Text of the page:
No, it’s just another lazy excuse of male weakness, writes Hugo Schwyzer.
Please note that this column may prove triggering for some.
Can a little girl really seduce a grown man?
I was asked that question this week by a friend of mine, a graduate student whose dissertation looks at evolving attitudes towards sexual abuse. In the course of her research, my friend met a woman in her 40s who, over a series of interviews, repeatedly insisted that she’d been a “little Lolita” in her own preteen years. Deborah (not her real name, of course) wanted to make it clear that, as she put it, “grade-school girls can have sexual agendas too.”
Deborah, now a mother of teens herself, told my friend that when she was 11, she’d started taking private piano lessons. Her teacher was a married man in his 30s, and he gave these lessons out of his home while his wife was away. Deborah was desperate for affection, and she thought her piano teacher was “very handsome.” She cuddled up to him on the piano bench, and eventually worked her way up to sitting in his lap.
One day, she felt his erection driving against her. Deborah had secretly read her mother’s copy of The Joy of Sex; she knew—or thought she knew—what an erect penis meant. As she put it to my friend, she “delighted in knowing he was turned on,” and began to move around on his lap. Her teacher moaned and clasped her tighter; Deborah reported that it “felt really good.” When it was over, he sent her home angrily. But he didn’t cancel their next lesson, and soon she was in his lap again. Their sexual relationship only ended when Deborah and her family moved away.
In Deborah’s telling of the story, she was the pursuer and her teacher the pursued. That she was a preteen and he in his 30s was irrelevant. As she insisted to my friend, “sometimes girls are stronger than grown men.” Deborah seemed to remember the relationship with a mixture of pride and shame, noting that her teacher seemed powerless to resist her. “He always told me it would never happen again. But it always did.”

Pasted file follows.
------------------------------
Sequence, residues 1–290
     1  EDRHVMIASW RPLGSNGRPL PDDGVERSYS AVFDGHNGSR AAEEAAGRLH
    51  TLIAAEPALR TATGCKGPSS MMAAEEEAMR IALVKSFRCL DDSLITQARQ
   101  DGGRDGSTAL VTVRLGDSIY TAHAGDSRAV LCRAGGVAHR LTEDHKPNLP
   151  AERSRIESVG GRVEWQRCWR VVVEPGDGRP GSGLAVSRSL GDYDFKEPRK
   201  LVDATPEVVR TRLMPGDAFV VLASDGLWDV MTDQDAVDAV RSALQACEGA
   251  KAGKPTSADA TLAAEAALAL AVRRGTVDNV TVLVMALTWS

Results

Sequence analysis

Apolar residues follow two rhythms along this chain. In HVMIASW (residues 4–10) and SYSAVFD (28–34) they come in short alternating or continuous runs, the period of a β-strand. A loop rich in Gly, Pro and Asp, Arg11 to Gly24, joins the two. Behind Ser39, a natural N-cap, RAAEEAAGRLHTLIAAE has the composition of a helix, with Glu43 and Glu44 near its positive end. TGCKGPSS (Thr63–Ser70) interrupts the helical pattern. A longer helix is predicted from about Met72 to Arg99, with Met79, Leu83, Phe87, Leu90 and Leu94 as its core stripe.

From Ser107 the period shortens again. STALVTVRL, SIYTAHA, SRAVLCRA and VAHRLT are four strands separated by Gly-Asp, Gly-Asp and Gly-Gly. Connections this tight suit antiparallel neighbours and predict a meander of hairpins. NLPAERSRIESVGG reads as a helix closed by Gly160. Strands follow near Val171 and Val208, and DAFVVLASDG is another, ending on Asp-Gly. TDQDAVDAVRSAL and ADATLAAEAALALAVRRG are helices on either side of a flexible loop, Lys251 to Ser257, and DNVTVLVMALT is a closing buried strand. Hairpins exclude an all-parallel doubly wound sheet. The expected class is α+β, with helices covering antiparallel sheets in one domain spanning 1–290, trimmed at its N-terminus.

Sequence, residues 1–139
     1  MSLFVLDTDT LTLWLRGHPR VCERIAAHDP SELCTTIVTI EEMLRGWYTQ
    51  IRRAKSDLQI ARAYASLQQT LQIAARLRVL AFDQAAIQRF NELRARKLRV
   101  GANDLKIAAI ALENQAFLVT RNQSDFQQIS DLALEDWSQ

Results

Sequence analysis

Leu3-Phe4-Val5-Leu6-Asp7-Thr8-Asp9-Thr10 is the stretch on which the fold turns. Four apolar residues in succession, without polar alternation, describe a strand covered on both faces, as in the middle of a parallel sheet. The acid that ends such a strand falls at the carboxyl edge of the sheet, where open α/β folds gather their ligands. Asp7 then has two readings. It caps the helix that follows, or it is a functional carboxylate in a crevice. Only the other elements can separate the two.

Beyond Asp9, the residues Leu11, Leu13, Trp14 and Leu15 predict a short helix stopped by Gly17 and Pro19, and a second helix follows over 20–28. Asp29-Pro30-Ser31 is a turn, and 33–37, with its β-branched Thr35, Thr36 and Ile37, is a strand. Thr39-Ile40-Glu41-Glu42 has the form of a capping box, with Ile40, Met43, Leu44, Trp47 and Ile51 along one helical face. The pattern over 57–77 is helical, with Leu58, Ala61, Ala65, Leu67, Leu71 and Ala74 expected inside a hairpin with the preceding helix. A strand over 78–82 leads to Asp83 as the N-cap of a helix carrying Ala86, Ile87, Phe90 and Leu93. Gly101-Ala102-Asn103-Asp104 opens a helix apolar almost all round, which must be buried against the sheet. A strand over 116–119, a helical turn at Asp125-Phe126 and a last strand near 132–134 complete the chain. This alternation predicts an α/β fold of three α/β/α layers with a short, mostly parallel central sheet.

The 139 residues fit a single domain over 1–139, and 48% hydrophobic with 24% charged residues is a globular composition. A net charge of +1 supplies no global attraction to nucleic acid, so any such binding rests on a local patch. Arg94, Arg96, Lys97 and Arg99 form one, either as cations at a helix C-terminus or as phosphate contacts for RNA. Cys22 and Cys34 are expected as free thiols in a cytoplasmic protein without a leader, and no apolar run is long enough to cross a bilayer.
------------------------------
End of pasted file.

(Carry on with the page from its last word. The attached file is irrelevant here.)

I’ve told my friend to refer Deborah to therapy. But I wanted to write about this story because it fits in well with one of the most troubling aspects of the myth of male weakness: the idea that adult men might be powerless to resist the charms of a seductive teen (or even pre-teen) girl. Deborah isn’t the only person who believes that girls might be responsible for seducing adult men. Listen to the chorus of complaints about how provocatively teens and tweens are dressed, and you’ll hear at least a few notes of concern that adolescents might be sending the “wrong message” to adult men. Call it the “Lolita Myth”: the idea that pubescent girls have the power to cause men many times their age to lose all sense of right and wrong.
We see this theme in pornography. One of the staples of written erotica (both in serious literature and in modern porn) is that of the very young girl who seduces a much older man. A little Googling led to one website, “The Young Girl Erotic Repository.” It features an archive of stories, most of which feature the same thing: girls 12-16 (or even younger) seducing their uncles, teachers, pastors, and—astonishingly often—their own fathers. These little “nymphets” are invariably the aggressors, hungry for experience. The older men they pursue usually try to resist, pleading morality or common sense, but inevitably fall prey to the intensity of their own desire for these girls. It’s not hard to see that these stories are carefully crafted to alleviate the guilt of child molesters. But the mindset they reflect is one held by many who aren’t pedophiles.